The Program in Creative Writing, more commonly known as the Iowa Writers' Workshop, at the University of Iowa in Iowa City, Iowa, is a celebrated graduate-level creative writing program in the United States. Writer Lan Samantha Chang is its director. Graduates earn a Master of Fine Arts (MFA) degree in Creative Writing. It has been cited as the best graduate writing program in the nation, counting among its alumni 17 Pulitzer Prize winners.

Depression (mood) state of low mood and aversion to activity

Depression, a state of low mood and aversion to activity, can affect a person's thoughts, behavior, tendencies, feelings, and sense of well-being. Symptoms of the mood disorder is marked by sadness, inactivity, difficulty in thinking and concentration and a significant increase/decrease in appetite and time spent sleeping. A great deal of people also have feelings of dejection, hopelessness, and sometimes suicidal tendencies. It can either be short term or long term depending on the severity of the person's condition. A depressed mood is a normal temporary reaction to life events, such as the loss of a loved one. It is also a symptom of some physical diseases and a side effect of some drugs and medical treatments. Depressed mood may also be a symptom of some mood disorders such as major depressive disorder or dysthymia.

Major works

Pai's most famous work of fiction, Taipei People (臺北人, Táiběirén, 1971), is a seminal work of Chinese modernism that mixes both literary Chinese and experimental modernist techniques. In terms of his choice of themes, Pai's work is also far ahead of its time. His novel, Crystal Boys (孽子, Nièzǐ, 1983), tells the story of a group of homosexual youths living in 1960s Taipei largely from the viewpoint of a young, gay runaway who serves as its main protagonist. The novel's comparison of the dark corners of Taipei's New Park, the characters' main cruising area, with the cloistered society of Taiwan of that period proved quite unacceptable to Taipei's then KMT-dominated establishment, though Pai has generally remained a loyal KMT supporter.

Taipei People is a collection of 14 short stories written by Pai Hsien-yung in the 1960s, published in 1971. The length and art of each story is different, but all these short stories are about people who came from Mainland China to Taiwan in the 1950s, and about their life in Taipei. Some of the stories were also published in Wandering in the Garden, Waking from a Dream (1968).

Modernism movement of art, culture and philosophy

Modernism is a philosophical movement that, along with cultural trends and changes, arose from wide-scale and far-reaching transformations in Western society during the late 19th and early 20th centuries. Among the factors that shaped modernism were the development of modern industrial societies and the rapid growth of cities, followed then by reactions of horror to World War I. Modernism also rejected the certainty of Enlightenment thinking, and many modernists rejected religious belief.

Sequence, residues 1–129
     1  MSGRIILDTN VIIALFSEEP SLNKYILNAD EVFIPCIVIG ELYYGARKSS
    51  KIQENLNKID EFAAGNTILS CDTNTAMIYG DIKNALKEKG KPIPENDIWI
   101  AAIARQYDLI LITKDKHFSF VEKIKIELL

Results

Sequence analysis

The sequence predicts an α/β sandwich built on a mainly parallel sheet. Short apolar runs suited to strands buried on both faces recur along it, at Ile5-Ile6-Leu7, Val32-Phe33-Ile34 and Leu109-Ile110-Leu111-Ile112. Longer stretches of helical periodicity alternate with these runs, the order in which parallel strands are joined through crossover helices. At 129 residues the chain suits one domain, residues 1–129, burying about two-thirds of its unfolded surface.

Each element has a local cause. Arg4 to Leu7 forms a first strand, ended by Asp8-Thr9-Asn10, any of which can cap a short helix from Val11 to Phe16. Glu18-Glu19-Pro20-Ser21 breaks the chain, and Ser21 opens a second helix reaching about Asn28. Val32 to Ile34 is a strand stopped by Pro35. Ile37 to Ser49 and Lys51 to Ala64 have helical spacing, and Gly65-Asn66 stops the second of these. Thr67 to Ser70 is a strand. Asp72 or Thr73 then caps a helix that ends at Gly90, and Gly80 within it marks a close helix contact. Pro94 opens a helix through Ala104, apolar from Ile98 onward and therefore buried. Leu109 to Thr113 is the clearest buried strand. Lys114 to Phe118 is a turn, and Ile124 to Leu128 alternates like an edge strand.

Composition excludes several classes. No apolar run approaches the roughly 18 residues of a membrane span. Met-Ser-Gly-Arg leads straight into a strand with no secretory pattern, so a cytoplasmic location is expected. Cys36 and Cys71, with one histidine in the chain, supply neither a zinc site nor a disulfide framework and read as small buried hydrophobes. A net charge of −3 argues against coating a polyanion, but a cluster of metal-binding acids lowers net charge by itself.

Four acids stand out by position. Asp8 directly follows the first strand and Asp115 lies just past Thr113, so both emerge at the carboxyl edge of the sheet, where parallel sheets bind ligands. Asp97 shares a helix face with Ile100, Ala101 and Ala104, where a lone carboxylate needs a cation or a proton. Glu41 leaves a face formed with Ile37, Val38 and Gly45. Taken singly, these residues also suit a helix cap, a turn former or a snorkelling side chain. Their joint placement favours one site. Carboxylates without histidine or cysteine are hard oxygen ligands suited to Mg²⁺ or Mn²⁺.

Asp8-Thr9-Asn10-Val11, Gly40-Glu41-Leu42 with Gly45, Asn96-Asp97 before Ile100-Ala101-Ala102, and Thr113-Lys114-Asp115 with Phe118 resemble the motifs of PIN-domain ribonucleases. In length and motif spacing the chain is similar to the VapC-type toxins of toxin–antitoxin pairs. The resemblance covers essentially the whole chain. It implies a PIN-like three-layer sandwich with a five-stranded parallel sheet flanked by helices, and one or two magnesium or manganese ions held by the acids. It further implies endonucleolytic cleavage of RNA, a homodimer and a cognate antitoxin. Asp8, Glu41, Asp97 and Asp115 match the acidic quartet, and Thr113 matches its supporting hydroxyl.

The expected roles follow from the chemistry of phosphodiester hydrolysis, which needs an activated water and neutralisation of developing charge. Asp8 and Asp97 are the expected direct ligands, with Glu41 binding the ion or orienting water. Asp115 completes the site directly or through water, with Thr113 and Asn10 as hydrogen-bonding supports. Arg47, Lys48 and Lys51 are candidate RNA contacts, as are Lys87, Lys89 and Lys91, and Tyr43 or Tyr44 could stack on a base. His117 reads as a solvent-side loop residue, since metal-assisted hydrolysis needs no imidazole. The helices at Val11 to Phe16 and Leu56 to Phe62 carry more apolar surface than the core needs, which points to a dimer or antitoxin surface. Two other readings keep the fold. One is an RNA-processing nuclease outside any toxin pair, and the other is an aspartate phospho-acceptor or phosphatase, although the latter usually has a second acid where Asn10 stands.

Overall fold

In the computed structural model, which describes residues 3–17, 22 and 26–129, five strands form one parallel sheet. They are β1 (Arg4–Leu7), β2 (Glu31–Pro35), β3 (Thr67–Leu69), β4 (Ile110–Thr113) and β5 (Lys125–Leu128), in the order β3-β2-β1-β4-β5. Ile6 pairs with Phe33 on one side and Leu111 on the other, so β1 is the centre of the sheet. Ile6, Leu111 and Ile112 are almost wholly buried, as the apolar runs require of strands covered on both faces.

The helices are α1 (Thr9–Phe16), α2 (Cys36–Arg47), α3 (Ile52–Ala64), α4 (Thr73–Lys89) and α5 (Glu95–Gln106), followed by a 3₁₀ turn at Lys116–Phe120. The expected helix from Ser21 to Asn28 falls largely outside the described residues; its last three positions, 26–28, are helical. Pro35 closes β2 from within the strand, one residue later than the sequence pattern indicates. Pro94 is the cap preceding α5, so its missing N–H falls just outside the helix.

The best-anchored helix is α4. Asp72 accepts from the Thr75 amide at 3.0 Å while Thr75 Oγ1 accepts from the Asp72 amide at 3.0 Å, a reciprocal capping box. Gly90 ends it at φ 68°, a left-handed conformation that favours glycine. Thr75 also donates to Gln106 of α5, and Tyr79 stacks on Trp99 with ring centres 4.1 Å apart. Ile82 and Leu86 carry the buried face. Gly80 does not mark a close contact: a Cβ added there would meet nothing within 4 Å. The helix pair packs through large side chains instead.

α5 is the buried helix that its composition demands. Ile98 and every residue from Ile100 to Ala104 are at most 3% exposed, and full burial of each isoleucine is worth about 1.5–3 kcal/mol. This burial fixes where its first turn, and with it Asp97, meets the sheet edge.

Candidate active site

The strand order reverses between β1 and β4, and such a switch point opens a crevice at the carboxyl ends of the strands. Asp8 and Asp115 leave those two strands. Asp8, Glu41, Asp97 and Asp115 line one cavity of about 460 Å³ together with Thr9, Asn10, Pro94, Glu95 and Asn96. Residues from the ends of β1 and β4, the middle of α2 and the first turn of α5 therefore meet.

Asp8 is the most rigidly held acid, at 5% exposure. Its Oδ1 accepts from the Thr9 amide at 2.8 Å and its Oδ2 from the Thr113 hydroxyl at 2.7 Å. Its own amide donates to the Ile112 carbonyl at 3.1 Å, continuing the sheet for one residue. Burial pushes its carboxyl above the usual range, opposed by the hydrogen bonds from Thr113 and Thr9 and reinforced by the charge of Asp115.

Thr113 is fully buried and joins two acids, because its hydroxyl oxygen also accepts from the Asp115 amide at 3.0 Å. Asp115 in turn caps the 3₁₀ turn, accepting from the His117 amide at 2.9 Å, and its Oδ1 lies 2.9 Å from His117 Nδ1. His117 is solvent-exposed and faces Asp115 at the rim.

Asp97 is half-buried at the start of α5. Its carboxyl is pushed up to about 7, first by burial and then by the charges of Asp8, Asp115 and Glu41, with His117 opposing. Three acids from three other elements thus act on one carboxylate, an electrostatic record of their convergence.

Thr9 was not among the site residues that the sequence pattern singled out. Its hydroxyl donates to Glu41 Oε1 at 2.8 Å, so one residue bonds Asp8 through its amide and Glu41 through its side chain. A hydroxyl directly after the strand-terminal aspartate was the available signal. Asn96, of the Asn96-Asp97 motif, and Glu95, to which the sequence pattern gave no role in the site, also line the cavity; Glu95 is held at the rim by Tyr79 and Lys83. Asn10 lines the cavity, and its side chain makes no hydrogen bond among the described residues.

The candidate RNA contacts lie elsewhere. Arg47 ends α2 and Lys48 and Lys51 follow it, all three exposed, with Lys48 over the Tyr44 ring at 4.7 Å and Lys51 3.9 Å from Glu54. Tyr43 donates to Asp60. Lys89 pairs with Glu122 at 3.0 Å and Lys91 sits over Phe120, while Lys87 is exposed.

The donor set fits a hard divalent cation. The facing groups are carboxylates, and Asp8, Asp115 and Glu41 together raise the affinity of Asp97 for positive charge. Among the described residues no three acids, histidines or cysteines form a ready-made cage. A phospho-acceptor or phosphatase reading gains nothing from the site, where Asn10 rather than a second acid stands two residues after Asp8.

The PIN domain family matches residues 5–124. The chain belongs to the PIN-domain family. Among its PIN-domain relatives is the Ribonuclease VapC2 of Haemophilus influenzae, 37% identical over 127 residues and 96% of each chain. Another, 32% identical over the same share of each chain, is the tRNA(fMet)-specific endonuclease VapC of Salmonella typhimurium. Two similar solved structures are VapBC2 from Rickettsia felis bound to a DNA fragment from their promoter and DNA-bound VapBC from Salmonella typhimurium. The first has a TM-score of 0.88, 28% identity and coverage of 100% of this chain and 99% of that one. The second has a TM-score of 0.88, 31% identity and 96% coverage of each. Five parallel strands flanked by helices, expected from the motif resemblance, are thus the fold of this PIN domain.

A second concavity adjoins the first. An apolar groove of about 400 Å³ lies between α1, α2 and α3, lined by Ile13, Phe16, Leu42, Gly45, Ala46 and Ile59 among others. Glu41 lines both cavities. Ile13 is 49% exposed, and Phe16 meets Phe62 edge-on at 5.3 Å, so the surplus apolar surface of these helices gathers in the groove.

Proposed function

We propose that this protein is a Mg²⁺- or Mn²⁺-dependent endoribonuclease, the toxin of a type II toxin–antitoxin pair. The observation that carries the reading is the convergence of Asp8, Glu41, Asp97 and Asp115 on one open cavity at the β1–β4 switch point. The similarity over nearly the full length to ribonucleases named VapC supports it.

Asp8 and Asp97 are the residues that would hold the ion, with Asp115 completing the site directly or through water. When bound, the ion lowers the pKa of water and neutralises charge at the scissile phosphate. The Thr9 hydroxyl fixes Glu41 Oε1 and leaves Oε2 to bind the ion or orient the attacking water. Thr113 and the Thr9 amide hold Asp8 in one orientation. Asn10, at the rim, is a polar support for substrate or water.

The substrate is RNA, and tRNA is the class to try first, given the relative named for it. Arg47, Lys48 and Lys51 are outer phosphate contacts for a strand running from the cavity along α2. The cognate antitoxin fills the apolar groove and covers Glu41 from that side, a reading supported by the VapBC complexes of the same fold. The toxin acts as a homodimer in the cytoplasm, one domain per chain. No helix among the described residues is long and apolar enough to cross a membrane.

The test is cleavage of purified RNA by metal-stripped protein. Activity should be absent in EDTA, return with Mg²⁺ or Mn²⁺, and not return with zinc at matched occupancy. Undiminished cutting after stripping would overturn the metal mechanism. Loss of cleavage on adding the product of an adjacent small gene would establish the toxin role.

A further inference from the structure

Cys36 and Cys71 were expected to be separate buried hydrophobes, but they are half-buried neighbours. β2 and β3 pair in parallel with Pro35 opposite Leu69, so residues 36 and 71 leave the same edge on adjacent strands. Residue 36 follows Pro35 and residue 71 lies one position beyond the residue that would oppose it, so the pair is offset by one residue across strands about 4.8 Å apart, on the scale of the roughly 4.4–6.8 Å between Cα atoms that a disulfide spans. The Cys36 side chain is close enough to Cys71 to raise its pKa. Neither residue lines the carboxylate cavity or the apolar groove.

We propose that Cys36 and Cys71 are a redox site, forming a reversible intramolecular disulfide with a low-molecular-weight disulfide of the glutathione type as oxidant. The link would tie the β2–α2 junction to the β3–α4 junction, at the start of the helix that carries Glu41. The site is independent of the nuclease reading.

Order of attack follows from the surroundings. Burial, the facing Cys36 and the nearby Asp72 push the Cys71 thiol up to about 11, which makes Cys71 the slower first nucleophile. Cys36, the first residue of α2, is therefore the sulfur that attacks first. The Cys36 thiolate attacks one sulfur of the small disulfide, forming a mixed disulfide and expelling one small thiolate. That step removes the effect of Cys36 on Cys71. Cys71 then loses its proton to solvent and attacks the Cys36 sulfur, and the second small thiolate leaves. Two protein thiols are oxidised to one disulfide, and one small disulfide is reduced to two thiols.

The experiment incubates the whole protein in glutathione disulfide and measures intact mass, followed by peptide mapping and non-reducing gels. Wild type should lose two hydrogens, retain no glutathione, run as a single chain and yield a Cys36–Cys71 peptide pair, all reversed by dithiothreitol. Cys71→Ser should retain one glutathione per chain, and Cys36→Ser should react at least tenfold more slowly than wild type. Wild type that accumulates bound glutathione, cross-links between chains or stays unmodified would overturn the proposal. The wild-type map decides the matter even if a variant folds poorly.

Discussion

Crystal Boys is a novel written by author Pai Hsien-yung and first published in 1983 in Taiwan. In 1988, this novel went into circulation in China; its French and English translations were published in 1985 and 1989. A translation into German appeared in 1995.

Influence

Among other Taiwanese writers, Pai is appreciated for sophisticated narratives that introduce controversial and groundbreaking perspectives to Chinese literature. His major works, discussed above, have been widely influential.

Further, Pai's writings while in the US in the early 1960s have greatly contributed to an understanding of the Chinese experience in postwar America. "Death in Chicago" (1964) is a semi-autobiographical account of a young Chinese man who, on the eve of his graduation from the English Literature department of the University of Chicago, discovers that his mother has died back home. "Pleasantville" (1964) explores the depressed state of a Chinese mother in the upper-class New York suburbs who feels alienated by the Americanization of her Chinese husband and daughter. Both "Death in Chicago" and "Pleasantville" subtly criticize America as a superficial and materialistic culture that can cause immigrant Chinese to feel lonely and isolated.

In recent years, Pai has gained some acclaim in Mainland Chinese literary circles. He has held various lectures at Beijing Normal University, among others. In the Beijing University Selection of Modern Chinese Literature: 1949–1999 published in 2002, three of Pai's works are included under the time period 1958–1978. [3] These stories reflect the decadence of Shanghai high society in the Republican era. This subject matter constitutes only a small segment of Pai's diverse work, yet it fits particularly well with orthodox renditions of pre-1949 history taught on the Mainland.

In April 2000, a series of five books representing Pai's lifework was published by Huacheng Publishing House in Guangzhou. This series is widely available in Mainland bookstores. It includes short stories, essays, diary entries, and the novel Niezi. A lengthy preface in Volume 1 was penned by Ou Yangzi, a fellow member of the group that founded the journal Xiandai Wenxue in Taiwan in the 1950s. [4]

Pai was born Muslim, attended missionary Catholic schools and embraced Buddhist meditation practices in the United States. [5]

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Jade Love (玉卿嫂) is a 1960 Taiwanese novella by Pai Hsien-yung, first published in the magazine Xiandai wenxue. Written in first person and told through the eyes of a 10-year-old boy, the story takes place in Guilin, China during the Second Sino-Japanese War.

References

  1. History of Cafe Astoria
  2. Family Relations
  3. Zhongguo Dangdai Wenxue Zuopin Jingxuan: 1949–1999. Beijing Daxue Chubanshe, 2002.
  4. Bai Xianyong: Bai Xianyong Wenji. Huacheng Chubanshe, 2000.
  5. Peony Dreams Retrieved June 12, 2008.